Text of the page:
In order to diagnose and/or treat some heart conditions, a catheter (long, thing, flexible tube) is inserted into a blood vessel through a patient’s arm, groin or neck and threaded to the patient’s heart allowing the doctor to perform diagnostic tests and treatment on the patient’s heart. This procedure is known as cardiac catheterization.A special type of dye (contrast dye) is carried through the catheter and flows through the patient’s bloodstream to the patient’s heart making the arteries of the heart more visible on x-ray pictures. This test is called coronary angiography. A cardiologist in a hospital performs cardiac catheterization with the use of contrast dye while the patient is awake.
Anaphylactoid reaction is a severe allergic reaction to the contrast dye. Patients at risk of having an allergic reaction to the contrast dye are defined in two main categories: patients who have had a prior reaction to the dye and patients with allergies. Of those patients who have had a prior reaction to the dye, 16-44% of them have a recurring reaction. Patients who suffer from allergies such as asthma, eczema, rhinitis, hypertrophic sinusitis, vernal conjunctivitis and migraines are twice as likely to have a reaction to contrast dye as patients without allergies. It is important that these two main categories of patients be considered for appropriate pretreatment in order to prevent, diagnose and treat an allergic reaction prior to cardiac catheterization with the use of contrast dye.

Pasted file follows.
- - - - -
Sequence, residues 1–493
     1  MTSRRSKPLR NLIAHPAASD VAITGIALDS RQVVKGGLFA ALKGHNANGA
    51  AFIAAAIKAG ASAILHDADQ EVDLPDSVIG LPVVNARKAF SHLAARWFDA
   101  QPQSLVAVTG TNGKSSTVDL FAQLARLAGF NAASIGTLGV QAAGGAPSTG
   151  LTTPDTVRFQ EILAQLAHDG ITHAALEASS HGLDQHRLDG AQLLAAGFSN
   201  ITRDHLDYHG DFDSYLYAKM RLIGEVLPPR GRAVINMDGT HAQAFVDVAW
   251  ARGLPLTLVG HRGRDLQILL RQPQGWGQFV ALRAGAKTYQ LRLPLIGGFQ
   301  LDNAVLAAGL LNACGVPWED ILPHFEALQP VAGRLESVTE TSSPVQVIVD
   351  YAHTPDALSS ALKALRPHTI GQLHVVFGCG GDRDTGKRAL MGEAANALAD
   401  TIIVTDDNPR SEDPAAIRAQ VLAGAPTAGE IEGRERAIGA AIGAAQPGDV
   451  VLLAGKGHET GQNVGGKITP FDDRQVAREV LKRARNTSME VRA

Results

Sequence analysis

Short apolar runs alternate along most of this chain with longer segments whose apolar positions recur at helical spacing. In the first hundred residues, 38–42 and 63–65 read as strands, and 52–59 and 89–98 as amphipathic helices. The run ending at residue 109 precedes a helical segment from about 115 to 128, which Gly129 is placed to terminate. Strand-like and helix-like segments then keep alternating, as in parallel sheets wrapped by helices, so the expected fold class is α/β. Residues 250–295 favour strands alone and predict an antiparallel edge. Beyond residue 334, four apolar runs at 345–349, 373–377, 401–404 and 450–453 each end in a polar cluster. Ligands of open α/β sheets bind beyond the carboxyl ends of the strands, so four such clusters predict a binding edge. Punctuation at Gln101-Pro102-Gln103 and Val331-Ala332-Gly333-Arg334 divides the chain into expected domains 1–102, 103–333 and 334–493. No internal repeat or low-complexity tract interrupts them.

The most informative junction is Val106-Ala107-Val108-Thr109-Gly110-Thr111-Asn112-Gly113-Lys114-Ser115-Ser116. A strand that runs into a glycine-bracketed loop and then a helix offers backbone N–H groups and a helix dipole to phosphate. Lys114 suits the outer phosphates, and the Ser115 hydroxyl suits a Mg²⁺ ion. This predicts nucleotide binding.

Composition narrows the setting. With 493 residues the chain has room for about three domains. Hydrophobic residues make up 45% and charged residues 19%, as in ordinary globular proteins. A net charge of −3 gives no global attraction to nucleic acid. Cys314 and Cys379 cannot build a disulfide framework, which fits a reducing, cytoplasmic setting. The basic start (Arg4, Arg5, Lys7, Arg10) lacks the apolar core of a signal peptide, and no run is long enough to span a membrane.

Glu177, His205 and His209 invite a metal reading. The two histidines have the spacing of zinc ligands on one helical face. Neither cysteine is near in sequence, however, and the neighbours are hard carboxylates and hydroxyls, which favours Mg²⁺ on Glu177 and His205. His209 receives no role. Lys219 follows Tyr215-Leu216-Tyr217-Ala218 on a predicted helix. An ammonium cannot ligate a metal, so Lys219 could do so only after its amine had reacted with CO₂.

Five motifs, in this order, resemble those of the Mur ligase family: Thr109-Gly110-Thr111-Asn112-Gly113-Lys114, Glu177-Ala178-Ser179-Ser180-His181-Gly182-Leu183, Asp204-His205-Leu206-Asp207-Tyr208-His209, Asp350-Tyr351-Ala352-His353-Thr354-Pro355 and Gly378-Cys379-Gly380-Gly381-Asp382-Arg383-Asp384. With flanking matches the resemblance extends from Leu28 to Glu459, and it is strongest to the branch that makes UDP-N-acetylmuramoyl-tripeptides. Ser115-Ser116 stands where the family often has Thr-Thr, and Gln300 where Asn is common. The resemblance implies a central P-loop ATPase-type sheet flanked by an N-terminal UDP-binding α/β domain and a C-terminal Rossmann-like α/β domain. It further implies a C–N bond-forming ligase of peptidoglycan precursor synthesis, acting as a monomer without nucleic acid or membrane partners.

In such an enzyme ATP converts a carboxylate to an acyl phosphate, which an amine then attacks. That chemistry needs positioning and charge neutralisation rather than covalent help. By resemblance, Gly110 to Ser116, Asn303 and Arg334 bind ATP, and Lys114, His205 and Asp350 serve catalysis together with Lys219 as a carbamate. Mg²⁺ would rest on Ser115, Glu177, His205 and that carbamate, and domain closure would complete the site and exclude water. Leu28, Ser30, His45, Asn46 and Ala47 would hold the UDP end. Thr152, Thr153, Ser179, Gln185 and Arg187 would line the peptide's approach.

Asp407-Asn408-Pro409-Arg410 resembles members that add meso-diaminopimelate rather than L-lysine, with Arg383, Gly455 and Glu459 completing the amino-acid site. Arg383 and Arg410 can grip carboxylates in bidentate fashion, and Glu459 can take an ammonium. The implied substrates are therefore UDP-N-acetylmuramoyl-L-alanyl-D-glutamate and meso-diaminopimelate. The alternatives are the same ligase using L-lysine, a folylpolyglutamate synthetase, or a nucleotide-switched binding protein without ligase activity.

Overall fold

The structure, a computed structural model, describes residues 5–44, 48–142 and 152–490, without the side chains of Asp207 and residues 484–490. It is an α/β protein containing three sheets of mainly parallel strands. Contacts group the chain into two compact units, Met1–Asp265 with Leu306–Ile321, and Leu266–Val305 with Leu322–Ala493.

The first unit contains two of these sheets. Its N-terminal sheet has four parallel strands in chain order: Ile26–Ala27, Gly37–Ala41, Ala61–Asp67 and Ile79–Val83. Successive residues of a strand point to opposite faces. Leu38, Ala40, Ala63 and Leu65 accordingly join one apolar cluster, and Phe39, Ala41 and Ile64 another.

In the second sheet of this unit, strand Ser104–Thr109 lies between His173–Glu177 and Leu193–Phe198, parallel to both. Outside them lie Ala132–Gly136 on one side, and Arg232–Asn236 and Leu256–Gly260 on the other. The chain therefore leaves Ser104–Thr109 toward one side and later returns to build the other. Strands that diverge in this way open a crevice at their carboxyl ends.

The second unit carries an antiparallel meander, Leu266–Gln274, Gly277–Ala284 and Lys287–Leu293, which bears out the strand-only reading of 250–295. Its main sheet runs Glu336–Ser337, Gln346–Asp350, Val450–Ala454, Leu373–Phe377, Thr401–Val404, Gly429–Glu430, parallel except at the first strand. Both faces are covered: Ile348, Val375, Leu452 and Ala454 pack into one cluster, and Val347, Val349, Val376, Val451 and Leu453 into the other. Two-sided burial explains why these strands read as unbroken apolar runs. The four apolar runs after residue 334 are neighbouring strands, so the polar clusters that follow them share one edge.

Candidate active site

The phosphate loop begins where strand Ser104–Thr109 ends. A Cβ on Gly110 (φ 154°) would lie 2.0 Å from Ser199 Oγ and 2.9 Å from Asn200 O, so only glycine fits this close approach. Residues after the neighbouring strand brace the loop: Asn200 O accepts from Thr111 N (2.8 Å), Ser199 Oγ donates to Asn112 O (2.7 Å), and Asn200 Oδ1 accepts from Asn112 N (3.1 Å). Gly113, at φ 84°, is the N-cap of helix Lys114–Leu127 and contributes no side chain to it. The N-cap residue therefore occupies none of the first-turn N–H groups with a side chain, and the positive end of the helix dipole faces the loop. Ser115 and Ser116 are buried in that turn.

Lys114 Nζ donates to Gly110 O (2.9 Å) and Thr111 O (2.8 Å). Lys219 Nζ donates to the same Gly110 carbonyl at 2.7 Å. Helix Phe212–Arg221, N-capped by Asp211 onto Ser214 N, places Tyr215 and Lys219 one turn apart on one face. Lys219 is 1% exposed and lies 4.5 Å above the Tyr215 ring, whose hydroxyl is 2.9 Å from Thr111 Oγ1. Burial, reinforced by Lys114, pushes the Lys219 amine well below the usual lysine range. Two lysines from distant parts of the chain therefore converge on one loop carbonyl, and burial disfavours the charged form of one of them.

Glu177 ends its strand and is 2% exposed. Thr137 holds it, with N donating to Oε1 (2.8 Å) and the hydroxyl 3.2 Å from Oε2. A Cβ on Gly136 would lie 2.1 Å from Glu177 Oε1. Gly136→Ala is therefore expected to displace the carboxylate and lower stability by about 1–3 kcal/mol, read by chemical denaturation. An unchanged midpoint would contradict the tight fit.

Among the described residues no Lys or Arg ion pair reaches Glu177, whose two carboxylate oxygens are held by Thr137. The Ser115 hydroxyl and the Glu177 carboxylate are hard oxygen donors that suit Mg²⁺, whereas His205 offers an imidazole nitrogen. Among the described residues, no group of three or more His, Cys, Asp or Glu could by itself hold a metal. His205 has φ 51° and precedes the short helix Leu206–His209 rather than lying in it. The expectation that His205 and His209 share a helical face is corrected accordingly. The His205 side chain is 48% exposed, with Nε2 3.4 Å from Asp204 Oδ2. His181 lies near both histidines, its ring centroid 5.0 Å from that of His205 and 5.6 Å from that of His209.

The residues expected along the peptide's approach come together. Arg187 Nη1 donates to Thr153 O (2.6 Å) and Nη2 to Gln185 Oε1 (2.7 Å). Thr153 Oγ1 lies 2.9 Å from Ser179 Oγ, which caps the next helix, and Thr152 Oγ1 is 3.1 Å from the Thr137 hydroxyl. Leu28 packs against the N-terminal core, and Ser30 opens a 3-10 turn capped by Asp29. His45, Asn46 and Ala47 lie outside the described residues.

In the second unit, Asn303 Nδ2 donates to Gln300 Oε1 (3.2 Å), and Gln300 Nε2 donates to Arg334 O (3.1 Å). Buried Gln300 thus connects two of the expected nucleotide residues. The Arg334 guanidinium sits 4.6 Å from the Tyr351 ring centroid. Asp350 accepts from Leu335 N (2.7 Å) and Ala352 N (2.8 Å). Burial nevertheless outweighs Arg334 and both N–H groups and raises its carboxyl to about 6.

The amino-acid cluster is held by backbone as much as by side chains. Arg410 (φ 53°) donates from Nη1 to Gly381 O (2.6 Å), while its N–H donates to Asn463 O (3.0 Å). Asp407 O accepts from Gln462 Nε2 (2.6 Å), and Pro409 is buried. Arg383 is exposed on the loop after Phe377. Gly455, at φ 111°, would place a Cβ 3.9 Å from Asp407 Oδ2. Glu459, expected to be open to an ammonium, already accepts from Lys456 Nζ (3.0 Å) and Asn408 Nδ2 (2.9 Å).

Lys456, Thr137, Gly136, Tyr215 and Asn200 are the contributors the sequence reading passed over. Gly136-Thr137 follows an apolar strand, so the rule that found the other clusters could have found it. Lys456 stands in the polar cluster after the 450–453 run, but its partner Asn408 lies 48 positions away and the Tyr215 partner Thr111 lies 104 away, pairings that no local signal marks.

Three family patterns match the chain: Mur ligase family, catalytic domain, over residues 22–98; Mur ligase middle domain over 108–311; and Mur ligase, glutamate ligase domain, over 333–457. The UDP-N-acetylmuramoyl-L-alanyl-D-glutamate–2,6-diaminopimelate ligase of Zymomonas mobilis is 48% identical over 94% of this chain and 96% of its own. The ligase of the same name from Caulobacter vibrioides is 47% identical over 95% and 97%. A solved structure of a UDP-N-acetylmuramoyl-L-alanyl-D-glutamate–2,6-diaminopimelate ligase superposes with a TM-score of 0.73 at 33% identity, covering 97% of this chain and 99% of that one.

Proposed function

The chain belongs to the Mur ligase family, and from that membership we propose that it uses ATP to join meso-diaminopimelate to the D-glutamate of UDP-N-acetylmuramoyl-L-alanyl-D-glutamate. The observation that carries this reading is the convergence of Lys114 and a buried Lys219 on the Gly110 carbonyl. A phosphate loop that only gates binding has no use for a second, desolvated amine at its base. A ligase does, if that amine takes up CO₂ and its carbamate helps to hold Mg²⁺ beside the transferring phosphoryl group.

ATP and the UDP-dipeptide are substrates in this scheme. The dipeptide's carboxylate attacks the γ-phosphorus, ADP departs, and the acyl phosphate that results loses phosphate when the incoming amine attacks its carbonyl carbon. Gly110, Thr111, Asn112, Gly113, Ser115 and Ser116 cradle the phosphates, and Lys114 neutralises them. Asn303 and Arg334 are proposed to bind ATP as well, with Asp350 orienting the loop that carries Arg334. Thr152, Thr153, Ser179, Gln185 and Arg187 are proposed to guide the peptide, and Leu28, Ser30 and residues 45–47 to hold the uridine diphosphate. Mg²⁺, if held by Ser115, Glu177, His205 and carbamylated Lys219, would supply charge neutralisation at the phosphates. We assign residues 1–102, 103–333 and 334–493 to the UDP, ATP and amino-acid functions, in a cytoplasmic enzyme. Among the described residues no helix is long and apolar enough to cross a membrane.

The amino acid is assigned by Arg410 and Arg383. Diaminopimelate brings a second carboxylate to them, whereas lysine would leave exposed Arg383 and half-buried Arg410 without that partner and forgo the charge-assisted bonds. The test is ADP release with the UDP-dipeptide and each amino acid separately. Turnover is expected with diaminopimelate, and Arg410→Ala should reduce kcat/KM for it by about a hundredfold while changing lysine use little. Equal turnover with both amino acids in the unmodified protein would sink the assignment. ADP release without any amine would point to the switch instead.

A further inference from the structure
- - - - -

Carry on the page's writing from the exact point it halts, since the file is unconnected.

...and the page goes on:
An anaphylactoid reaction is not dose related and is not always immediate. Moderate and severe anaphylactoid reaction compromise the cardiovascular and respiratory system and can cause respiratory failure or vascular collapse. Patients who present with anaphylactoid reaction may require intubation, the insertion of a tube into the mouth down into the trachea to assist the patient with breathing, or even a tracheostomy, an incision in the neck through to the trachea allowing for the insertion of a tube to assist the patient with breathing.
If your or someone you know has suffered an anaphylactoid reaction due to cardiac catheterization with the use of contrast dye, contact Chicago Medical Malpractice Attorney Phil Berenz today for a free consultation or perhaps second opinion at https://www.counseloroffices.net/contact-us/